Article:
If it seems that I've been neglecting the blog, it's because November has been an absolute whirlwind, in the best sense of the word. Among parent-teacher conferences, an on-going construction project (the installation of a gas fireplace in our living room), training for my town's 5-mile "Turkey Trot," and preparations for Thanksgiving dinner, my husband and I managed to escape for a romantic weekend in New Orleans to celebrate our 18th wedding anniversary. What an incredible place! The weather was sunny and warm, perfect for wandering around this charming city. And wander we did!
Day 1: We spent the entire first day strolling the streets of the French Quarter, admiring the architecture and stopping to browse in the shops, listen to the street musicians in Jackson Square and have beignets and chicory coffee at the famous Cafe du Monde (ooh la la!).
That evening we felt compelled to indulge in some traditional creole cuisine at Arnaud's. When I questioned the waitress about the difference between creole food and Cajun food, she explained that most creoles were people of European descent and creole cuisine includes many spices and sauces typically found in French and Spanish food. The Cajuns were considered more "country folk," and their food was, generally, prepared more simply - lots of herbs and spices, considerably less butter and cream sauces. We made sure to sample plenty of both - gumbo, etoufee, jambalaya, po' boy sandwiches, fried oysters - we tried them all! After dinner, we wandered over to the Irvin Mayfield's Jazz Playhouse on Bourbon Street and spent the next couple of hours tapping our toes and sipping champagne to some of the best live music we'd ever heard.
Day 2 included a trip up to the Garden District (via the St. Charles Streetcar) and a walk down its main drag, Magazine Street. This is the area of New Orleans that was settled by the Americans and it has a decidedly different feel. The homes in this neighborhood and their gardens are stately - grand and ornate. Meant to be admired. But by far the highlight of this day was dinner at Bayona and a Haunted French Quarter Tour (given by Historic New Orleans Tours). This is a city with a rich history and many interesting ghost stories. Tales of murder, horror and hauntings were recounted by Frank (a masterful storyteller), as we walked the cobblestone streets of the French Quarter. Even the skeptics among us were looking over their shoulders by the end of the evening!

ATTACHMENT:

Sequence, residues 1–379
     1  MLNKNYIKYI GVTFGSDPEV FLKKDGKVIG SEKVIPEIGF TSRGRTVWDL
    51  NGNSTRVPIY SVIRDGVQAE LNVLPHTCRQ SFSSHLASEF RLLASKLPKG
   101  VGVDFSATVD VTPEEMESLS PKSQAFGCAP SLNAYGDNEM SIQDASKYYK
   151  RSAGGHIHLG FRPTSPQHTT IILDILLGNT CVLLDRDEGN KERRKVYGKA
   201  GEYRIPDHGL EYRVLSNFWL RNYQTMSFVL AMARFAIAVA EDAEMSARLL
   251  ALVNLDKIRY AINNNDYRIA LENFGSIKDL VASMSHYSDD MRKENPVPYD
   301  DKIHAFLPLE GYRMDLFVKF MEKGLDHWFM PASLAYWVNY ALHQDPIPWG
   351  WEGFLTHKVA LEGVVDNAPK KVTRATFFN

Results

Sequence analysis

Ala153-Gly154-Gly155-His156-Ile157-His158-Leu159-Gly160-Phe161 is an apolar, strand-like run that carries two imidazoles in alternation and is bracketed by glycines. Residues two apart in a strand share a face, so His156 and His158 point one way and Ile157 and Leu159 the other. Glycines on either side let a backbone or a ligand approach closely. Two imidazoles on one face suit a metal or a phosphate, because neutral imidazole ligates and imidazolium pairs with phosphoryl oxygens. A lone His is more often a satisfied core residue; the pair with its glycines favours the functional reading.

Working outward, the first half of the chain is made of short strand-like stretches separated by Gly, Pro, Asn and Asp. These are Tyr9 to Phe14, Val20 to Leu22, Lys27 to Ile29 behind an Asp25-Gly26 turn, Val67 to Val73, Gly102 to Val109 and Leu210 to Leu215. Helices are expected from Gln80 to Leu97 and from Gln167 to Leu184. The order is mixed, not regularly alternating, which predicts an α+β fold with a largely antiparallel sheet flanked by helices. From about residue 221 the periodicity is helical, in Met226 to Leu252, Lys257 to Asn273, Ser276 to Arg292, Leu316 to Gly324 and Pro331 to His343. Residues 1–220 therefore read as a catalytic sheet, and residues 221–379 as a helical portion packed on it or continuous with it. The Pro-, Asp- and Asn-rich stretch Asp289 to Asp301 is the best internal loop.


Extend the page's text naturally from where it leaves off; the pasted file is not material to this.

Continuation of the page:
Day 3 took us to City Park and the New Orleans Museum of Art. This is an area of New Orleans that has been completely rebuilt, following Hurricane Katrina in 2005. The park's Sculpture Garden and Botanical Gardens were flooded out when the levee at Lake Pontchartrain failed, and have been totally redesigned and rebuilt over the last several years. They are a gorgeous testament to the citizens of New Orleans and the value that they place on art and culture. Dinner at Emeril's restaurant, NOLA, was a treat (especially the fried green tomato salad and the pumpkin bread pudding...sinfull!), as was the jazz at Fritzell's European Jazz Pub.
Day 4, we decided to get out of the city and tour some plantations.The relatively simple creole plantation, Laura, and the "Gone with the Wind" type antebellum plantation, Oak Alley, are located only an hour from the city of New Orleans, yet provide a very different experience of Louisiana. More beauty, more history, and my first Mint Julep. Another great day followed by another great meal - this time at Galatoire's.
So, in true foodie fashion, the souvenirs I brought home were mostly of the edible variety: chicory coffee, pralines and pecan brittle. Yes, I brought home a few fleur de lis pins (the fleur de lis is a symbol of strength, hope and courage which, since Hurricane Katrina, can be found just about everywhere in the city), but I was most excited about bringing a little bit of New Orleans home to my table.